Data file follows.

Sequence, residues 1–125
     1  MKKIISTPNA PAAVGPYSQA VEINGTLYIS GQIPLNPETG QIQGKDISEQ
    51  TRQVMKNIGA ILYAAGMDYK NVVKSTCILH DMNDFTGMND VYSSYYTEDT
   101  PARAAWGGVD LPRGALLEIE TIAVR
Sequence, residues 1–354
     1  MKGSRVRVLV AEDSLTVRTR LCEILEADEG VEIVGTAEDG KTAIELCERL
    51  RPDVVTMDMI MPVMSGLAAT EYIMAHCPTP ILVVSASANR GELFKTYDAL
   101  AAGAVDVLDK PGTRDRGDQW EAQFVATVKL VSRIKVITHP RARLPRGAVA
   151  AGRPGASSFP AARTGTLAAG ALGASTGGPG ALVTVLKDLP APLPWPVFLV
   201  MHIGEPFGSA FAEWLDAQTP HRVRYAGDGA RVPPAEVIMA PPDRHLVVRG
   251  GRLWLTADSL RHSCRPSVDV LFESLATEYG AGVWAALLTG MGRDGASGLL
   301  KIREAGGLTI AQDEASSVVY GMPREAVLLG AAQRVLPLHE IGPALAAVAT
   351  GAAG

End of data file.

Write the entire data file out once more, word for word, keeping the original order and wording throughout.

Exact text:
Sequence, residues 1–125
     1  MKKIISTPNA PAAVGPYSQA VEINGTLYIS GQIPLNPETG QIQGKDISEQ
    51  TRQVMKNIGA ILYAAGMDYK NVVKSTCILH DMNDFTGMND VYSSYYTEDT
   101  PARAAWGGVD LPRGALLEIE TIAVR
Sequence, residues 1–354
     1  MKGSRVRVLV AEDSLTVRTR LCEILEADEG VEIVGTAEDG KTAIELCERL
    51  RPDVVTMDMI MPVMSGLAAT EYIMAHCPTP ILVVSASANR GELFKTYDAL
   101  AAGAVDVLDK PGTRDRGDQW EAQFVATVKL VSRIKVITHP RARLPRGAVA
   151  AGRPGASSFP AARTGTLAAG ALGASTGGPG ALVTVLKDLP APLPWPVFLV
   201  MHIGEPFGSA FAEWLDAQTP HRVRYAGDGA RVPPAEVIMA PPDRHLVVRG
   251  GRLWLTADSL RHSCRPSVDV LFESLATEYG AGVWAALLTG MGRDGASGLL
   301  KIREAGGLTI AQDEASSVVY GMPREAVLLG AAQRVLPLHE IGPALAAVAT
   351  GAAG